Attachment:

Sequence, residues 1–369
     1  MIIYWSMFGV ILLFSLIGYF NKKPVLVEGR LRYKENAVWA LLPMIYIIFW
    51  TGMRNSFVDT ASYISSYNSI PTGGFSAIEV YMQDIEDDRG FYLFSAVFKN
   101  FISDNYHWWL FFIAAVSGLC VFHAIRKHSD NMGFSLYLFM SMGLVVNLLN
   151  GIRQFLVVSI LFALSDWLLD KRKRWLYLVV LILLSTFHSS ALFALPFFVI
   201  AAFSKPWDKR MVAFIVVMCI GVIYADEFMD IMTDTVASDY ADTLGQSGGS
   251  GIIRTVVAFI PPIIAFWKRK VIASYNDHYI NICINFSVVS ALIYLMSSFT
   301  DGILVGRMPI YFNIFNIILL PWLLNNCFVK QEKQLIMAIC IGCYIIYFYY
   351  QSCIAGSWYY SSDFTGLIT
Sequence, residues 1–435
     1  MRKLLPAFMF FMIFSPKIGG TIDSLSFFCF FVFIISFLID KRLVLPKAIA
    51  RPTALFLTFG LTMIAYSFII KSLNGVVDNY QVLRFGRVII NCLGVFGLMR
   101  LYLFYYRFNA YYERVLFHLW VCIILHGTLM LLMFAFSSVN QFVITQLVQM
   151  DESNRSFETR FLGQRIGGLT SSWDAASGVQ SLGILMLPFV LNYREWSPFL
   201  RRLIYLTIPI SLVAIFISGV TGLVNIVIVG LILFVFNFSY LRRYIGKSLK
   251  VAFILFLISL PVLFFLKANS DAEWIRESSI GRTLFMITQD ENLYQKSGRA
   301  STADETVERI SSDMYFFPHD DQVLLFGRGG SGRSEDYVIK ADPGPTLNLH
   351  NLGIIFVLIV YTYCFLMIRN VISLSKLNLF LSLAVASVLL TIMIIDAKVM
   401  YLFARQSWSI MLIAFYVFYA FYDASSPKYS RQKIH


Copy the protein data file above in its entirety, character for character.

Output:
Sequence, residues 1–369
     1  MIIYWSMFGV ILLFSLIGYF NKKPVLVEGR LRYKENAVWA LLPMIYIIFW
    51  TGMRNSFVDT ASYISSYNSI PTGGFSAIEV YMQDIEDDRG FYLFSAVFKN
   101  FISDNYHWWL FFIAAVSGLC VFHAIRKHSD NMGFSLYLFM SMGLVVNLLN
   151  GIRQFLVVSI LFALSDWLLD KRKRWLYLVV LILLSTFHSS ALFALPFFVI
   201  AAFSKPWDKR MVAFIVVMCI GVIYADEFMD IMTDTVASDY ADTLGQSGGS
   251  GIIRTVVAFI PPIIAFWKRK VIASYNDHYI NICINFSVVS ALIYLMSSFT
   301  DGILVGRMPI YFNIFNIILL PWLLNNCFVK QEKQLIMAIC IGCYIIYFYY
   351  QSCIAGSWYY SSDFTGLIT
Sequence, residues 1–435
     1  MRKLLPAFMF FMIFSPKIGG TIDSLSFFCF FVFIISFLID KRLVLPKAIA
    51  RPTALFLTFG LTMIAYSFII KSLNGVVDNY QVLRFGRVII NCLGVFGLMR
   101  LYLFYYRFNA YYERVLFHLW VCIILHGTLM LLMFAFSSVN QFVITQLVQM
   151  DESNRSFETR FLGQRIGGLT SSWDAASGVQ SLGILMLPFV LNYREWSPFL
   201  RRLIYLTIPI SLVAIFISGV TGLVNIVIVG LILFVFNFSY LRRYIGKSLK
   251  VAFILFLISL PVLFFLKANS DAEWIRESSI GRTLFMITQD ENLYQKSGRA
   301  STADETVERI SSDMYFFPHD DQVLLFGRGG SGRSEDYVIK ADPGPTLNLH
   351  NLGIIFVLIV YTYCFLMIRN VISLSKLNLF LSLAVASVLL TIMIIDAKVM
   401  YLFARQSWSI MLIAFYVFYA FYDASSPKYS RQKIH